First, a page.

In the year 3000, a human slave rises up against the alien oppressors who have colonised a post-apocalyptic earth.
Given the relationship between the star and the original Earth author, L. Ron Hubbard of barmy pseudo-religion Scientology fame, Battlefield Earth bares more than a passing whiff of a dubious vanity project. After all, Travolta's been trying to get the screen version of the mammoth novel off the ground for a decade. What has finally emerged is a peculiar paradox, science-fiction that feels old-fashioned, its nominal alien overlords must die set-up and B-movie ideas outmoded by the onrush of Matrixs and Phantom Menaces.
Shot in a murky twilight, possibly to hide the sloppy fusion of CGI and modelwork, we are in a familiar desolate futurescape (3000) of crumbling ruins and isolated tribes. The Psychlos - really daft lanky, dreadlocked Tefal heads with rank complexions and hefty codpieces - are a sinister, genocidal race of manipulators and sadists, exploiting Earth for mineral assets, principally gold. Travolta's Terl is a maniacal security chief with a greedy personal agenda (to get off this forsaken world as rich as possible). Pitted against him is Jonnie Goodboy Tyler (Saving Private Ryan's Barry Pepper), a wild human refusing to submit to alien thraldom, who through Terl's misguided subterfuge gets mind-zapped with Psychlo know-how and plots an uprising of the backward Earthlings. And that's about it.
Director Roger Christian, once a set decorator on Star Wars, keeps getting confused as to which film he's ripping off, fudging his way through various slices of Blade Runner, The Matrix, Planet Of The Apes and even TV's long, lamented invasion hit, V. His wannabe cool, foggy noirish look is at odds with all the comic-book broadness and the action, especially the nuke-the-baddies crescendo, and it's edited with such crashing fury that most of it is plain incomprehensible.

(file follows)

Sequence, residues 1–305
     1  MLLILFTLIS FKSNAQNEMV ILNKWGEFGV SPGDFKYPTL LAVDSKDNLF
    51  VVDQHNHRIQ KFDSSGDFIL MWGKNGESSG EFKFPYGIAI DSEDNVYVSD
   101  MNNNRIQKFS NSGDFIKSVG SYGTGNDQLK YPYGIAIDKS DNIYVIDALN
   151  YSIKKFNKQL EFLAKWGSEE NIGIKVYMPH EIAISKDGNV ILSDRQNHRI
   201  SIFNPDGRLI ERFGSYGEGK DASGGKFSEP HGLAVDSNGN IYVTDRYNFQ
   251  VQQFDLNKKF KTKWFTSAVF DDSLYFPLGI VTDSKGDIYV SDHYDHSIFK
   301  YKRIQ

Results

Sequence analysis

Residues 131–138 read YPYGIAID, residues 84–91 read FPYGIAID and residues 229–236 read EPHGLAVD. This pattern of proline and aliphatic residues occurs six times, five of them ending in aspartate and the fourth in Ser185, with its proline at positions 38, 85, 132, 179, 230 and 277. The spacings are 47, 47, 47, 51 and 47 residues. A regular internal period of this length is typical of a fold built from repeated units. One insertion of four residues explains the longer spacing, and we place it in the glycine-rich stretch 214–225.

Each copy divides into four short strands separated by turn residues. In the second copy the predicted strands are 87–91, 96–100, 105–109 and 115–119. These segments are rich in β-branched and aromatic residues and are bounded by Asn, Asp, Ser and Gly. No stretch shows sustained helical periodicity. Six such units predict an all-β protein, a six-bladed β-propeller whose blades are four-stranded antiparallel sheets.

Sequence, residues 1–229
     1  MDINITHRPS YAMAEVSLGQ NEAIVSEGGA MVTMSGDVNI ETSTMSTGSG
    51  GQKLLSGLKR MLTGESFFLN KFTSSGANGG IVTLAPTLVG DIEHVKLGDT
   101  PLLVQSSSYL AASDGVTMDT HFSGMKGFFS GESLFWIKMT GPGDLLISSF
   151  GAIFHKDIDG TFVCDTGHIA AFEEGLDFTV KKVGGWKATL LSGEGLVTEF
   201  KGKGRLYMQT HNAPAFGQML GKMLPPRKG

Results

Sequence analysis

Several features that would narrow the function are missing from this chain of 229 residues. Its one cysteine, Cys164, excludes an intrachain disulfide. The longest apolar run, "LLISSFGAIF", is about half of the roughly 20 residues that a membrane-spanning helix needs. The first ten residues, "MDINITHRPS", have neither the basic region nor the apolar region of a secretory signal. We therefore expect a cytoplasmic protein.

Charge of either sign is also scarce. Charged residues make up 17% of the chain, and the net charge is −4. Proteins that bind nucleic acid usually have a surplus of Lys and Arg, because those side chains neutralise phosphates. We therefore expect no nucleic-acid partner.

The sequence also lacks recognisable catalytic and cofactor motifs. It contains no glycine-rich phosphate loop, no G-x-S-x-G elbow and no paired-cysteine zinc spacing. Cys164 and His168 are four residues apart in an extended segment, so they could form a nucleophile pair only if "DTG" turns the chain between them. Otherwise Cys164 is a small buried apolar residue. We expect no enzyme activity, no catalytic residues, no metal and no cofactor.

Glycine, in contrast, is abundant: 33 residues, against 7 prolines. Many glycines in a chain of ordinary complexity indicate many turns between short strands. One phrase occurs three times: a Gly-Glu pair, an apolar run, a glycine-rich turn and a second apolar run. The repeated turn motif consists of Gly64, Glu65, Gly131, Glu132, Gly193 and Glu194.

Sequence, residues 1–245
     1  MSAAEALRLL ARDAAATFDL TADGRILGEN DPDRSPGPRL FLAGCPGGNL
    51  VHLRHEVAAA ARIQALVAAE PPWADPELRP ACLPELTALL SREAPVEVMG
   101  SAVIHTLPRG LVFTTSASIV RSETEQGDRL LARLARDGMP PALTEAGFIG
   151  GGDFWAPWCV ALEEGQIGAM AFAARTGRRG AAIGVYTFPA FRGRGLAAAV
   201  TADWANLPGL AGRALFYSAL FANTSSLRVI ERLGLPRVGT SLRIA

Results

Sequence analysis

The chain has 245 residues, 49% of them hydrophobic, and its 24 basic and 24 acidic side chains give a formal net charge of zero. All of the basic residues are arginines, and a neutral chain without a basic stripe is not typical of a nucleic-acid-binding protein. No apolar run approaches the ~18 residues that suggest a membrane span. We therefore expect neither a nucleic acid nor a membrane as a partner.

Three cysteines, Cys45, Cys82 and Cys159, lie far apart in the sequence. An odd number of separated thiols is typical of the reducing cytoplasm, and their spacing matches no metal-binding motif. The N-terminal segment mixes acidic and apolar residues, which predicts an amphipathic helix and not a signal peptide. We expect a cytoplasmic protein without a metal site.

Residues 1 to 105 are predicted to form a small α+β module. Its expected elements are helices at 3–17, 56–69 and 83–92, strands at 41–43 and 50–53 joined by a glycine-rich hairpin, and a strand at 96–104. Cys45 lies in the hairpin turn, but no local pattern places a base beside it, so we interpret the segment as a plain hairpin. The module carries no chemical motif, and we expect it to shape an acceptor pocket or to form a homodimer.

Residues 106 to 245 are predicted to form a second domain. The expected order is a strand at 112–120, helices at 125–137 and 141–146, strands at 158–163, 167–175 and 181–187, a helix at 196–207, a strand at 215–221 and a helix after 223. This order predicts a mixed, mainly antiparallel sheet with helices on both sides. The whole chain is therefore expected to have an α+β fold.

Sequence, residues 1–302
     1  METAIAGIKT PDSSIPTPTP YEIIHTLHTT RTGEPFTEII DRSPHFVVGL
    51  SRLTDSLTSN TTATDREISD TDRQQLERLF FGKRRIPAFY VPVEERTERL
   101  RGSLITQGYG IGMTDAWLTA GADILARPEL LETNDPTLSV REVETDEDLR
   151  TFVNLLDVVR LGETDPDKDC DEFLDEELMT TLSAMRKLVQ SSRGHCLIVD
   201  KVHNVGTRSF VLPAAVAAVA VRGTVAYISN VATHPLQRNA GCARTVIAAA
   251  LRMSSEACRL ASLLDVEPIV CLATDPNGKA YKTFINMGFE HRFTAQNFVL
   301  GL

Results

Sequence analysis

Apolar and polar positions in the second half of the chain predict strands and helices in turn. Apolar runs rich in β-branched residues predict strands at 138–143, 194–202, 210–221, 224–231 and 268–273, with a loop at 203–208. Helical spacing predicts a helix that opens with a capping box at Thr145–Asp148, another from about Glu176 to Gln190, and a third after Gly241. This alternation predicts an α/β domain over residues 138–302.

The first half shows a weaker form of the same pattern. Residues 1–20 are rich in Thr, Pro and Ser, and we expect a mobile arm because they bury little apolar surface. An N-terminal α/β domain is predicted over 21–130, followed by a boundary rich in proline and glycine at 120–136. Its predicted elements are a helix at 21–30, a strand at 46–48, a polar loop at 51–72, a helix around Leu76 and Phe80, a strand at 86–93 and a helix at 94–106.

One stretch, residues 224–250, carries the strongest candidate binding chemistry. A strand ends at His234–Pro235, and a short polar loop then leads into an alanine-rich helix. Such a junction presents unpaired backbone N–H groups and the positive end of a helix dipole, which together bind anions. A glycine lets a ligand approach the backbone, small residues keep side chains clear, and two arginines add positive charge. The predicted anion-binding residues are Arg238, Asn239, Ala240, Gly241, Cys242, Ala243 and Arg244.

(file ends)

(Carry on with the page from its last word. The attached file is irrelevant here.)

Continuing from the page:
Bizarrely, the film that actually springs to mind, upon looking at Travolta's plump, rubbery claws and preposterous giant forehead, is Carry On Screaming. Which just about says it all; there is nothing in Battlefield Earth you can take seriously. While the producer/star certainly tries his darnedest to give it some flavour, playing Terl with the same raspy-cool badness he threw into Face/Off, the script remains ropey no matter how much relish it's given. It's also shot through with floppy logic: the Psychlos' non-comprehension at human cunning, even though the former defeated "civilised" man, or post-apocalyptic cavemen learning to fly a secret store of Harriers in ten minutes flat.
With the exception of Trek's comical nastiness, none of the other characters even register. Barry Pepper has nothing to work with in Tyler, so he hulks about moodily as if trying to get the whole thing over without being noticed. Forest Whitaker, lost in Psychlo prosthetic, as Trek's fumbling evil sidekick, Ker, is given nothing more than the occasional cackle, while Richard Tyson, Kelly Preston and Kim Coates do no more than turn up. As for Scientology... to be fair, there isn't anything sinister going on here, with nary a blipvert or allusion to be found. The sensible option would be to distance themselves from such irksome rubbish entirely.
A disaster of epic proportions.